The Great Contradiction of the Fire Service:
The fire service is one marked with a long tradition of service, sacrifice, teamwork, and compassion. Many departments across our country are volunteer organizations that operate with little funding or support from the community or tax base that they protect. Approximately 1,000,000 firefighters of the 1.3 million total firefighters belong to volunteer fire houses. Firefighters, whether paid or volunteer, love what they do. It is calling to most and can at times be one of the most rewarding pursuits. Many firefighters make great personal sacrifices daily such as their time, money, and dedication; all so that their community will be protected.
What then would you say is contradictory about what we do?
I have had a great burden laying heavy on my heart for a number of years now. This burden is this: I see that we will lay our lives down for someone else’s life or property but we refuse to overcome our problems with our own departments or fellow firefighters. It is a common theme that is almost everywhere you go. A Fire House will often have the majority that gets along well but inevitably there will be one or two individuals that no one would help if even if their life depended on it.
Why is this?
Where have we gone wrong?
Are we merely figuratively living out this profession but if someone calls us out, would we lose the courage of our convictions?
Are our principles only as deep as our pride or our paychecks?
Would our loved ones admire our words and actions toward our fellow brother & sister firefighters?
I compare this to my own spiritual walk as a Christian. It has been said that we should all carry a sign over our head that says “Under Construction-God’s still working on me”. Thus, we often tend to forget where we came from and lose all compassion and or sympathy for any behavior that we refuse to tolerate any more. T.D. Jakes said “Just because you graduated doesn’t mean you get to burn down the school”. My friends, if we are to truly honor the calling we have answered we must follow it with no exceptions. This applies to our family first, our co-workers second, and the citizens we serve third.
Many would say that the citizen’s we serve come first and our mission statements dictate that is true. Yet if we fail to take care of our family’s, take care of our physical, mental, and spiritual health, will we be truly taking care of our citizens if we aren’t at our best? We are often someone’s only hope when we respond in an emergency. Have we considered that we may be someone’s only hope and that someone may be the firefighter who sits next to us?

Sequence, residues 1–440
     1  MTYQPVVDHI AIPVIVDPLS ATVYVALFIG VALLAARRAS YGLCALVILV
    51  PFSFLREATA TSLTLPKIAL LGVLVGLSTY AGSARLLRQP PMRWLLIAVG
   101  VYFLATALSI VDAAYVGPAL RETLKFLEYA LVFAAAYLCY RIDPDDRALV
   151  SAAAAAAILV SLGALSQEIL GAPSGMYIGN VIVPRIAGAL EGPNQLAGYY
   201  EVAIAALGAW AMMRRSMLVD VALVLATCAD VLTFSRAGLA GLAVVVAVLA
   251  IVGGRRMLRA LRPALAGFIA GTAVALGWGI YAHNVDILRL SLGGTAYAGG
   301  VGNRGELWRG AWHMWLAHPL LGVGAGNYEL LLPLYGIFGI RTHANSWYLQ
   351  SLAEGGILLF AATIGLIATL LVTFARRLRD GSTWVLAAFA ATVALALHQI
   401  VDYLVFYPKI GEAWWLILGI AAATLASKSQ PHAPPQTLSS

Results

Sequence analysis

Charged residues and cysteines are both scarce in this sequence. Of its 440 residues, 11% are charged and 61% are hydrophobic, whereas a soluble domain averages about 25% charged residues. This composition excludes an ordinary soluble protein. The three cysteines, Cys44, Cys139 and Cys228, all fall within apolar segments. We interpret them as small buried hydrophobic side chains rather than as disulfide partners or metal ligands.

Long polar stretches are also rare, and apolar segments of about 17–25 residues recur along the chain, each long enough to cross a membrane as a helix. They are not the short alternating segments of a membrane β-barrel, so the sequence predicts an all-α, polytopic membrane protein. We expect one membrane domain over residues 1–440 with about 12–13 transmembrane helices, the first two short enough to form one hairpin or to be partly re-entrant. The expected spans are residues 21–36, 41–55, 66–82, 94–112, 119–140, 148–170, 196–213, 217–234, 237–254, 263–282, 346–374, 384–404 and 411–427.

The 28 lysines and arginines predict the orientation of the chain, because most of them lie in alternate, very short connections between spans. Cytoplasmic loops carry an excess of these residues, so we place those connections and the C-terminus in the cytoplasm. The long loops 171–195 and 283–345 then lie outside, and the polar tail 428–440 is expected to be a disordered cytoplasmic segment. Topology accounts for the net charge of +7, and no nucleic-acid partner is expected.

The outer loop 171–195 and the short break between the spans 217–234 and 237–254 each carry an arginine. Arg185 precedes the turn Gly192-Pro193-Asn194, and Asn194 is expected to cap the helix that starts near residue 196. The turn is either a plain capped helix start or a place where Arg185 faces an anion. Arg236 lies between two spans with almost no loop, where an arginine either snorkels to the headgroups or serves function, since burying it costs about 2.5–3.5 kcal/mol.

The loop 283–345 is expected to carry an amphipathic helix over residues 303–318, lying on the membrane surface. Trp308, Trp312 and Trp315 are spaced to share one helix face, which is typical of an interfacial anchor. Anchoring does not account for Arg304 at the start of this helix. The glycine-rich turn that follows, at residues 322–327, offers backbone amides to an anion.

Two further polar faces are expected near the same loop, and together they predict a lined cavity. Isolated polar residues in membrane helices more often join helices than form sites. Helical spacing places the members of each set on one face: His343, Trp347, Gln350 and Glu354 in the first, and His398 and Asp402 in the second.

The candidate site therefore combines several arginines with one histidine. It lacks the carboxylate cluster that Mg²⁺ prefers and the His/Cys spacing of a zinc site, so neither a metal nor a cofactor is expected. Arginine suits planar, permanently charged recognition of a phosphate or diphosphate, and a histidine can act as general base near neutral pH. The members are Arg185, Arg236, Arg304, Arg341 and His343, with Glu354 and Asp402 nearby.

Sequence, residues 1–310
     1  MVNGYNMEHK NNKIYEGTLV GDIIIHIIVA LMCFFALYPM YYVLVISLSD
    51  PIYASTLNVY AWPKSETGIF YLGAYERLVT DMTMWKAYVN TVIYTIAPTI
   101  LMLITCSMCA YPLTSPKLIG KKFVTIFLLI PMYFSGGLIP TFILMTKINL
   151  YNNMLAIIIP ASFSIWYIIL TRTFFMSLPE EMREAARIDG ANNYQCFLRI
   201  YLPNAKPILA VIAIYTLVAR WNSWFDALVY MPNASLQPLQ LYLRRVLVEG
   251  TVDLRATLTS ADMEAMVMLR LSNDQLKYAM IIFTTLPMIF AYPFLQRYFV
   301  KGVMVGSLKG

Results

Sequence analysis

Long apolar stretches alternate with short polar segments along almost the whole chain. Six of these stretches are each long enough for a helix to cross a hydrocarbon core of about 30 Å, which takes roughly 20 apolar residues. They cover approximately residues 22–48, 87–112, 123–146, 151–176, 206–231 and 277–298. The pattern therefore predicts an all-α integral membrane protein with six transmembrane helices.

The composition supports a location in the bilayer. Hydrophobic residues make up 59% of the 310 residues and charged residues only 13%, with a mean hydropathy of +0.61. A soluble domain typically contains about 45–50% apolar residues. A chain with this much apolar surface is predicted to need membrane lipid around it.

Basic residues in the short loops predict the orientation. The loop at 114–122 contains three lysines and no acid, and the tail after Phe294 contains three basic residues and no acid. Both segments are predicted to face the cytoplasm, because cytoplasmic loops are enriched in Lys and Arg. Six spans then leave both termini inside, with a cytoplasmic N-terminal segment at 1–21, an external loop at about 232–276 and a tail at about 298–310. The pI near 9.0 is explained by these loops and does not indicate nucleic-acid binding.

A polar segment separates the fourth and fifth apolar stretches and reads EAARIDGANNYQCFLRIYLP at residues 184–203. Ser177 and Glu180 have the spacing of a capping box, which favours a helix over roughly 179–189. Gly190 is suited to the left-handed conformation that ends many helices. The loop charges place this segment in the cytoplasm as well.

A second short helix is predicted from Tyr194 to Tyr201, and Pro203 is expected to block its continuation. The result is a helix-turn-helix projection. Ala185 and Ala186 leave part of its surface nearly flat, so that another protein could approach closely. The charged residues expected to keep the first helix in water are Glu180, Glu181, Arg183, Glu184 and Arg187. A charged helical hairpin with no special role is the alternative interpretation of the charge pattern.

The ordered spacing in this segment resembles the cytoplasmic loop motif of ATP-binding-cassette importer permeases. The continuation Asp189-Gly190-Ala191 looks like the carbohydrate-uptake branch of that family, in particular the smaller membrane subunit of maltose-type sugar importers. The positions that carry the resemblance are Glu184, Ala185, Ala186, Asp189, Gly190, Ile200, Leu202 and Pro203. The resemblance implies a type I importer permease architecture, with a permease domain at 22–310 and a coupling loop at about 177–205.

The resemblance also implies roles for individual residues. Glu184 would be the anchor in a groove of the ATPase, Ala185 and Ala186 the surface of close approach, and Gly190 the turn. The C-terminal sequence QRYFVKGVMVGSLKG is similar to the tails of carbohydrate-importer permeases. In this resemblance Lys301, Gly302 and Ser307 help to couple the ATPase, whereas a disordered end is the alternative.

Let us ask ourselves:
What are we doing to save their life?
Are we living out our values and mission statement inside the four walls of our firehouse?
If you have found yourself in the uncomfortable position of feeling convicted about your own behavior as I have perhaps it’s time to begin the process of treating others the way you would like to be treated? Perhaps, we should realize whether it’s the homeless person, the millionaire, or the co-worker that we don’t get along with we are called to serve others not serve ourselves. This takes great courage to not respond when we are treated harshly but to treat them with respect. This takes integrity and a solid moral foundation that we stand upon. For myself this foundation is my faith. I am reminded of the following scriptures when facing these challenges:
When our work ethic exceeds others why should we continue to work hard?
“Whatever you do in word or deed, do all in the name of the Lord Jesus, giving thanks through Him to God the Father.” (Colossians 3:17). We have to realize who we are working for. In my faith, I have to remember that Christ is my boss and my work ethic ultimately reflects my dedication to Him and not to man.
When others treat us badly, why should we treat them kindly?
“Be kind to one another, tender-hearted, forgiving each other, just as God in Christ also has forgiven you.” (Ephesians 4:32). We have to remember that when we forgive others it is not for them. Forgiveness sets us free from the burden of carrying around bitterness and realizing that when we fail to forgive we ultimately are condemning ourselves. We can have the greatest peace in the midst of conflict by realizing that even when others hurt us we can be free by forgiving them. This can often open doors in previously closed relationships.
In closing, remember that we are called to serve others and that service begins with our family and our fellow firefighters. If we fail to treat them with kindness and respect how insincere will be our service to our citizens? If we cannot reconcile our differences we are ultimately dividing our team and diminishing our effectiveness on the fire ground. So let us take up the challenge of being morally courageous and treating others with kindness and respect no matter how we are treated. For this is true courage, to show love to those who need it most, those who hurt us with their words and their actions. We may actually then see that their actions or words are a front for a hurting heart in desperate need of rescue.
Andy J. Starnes
Bringing Back Brotherhood Ministries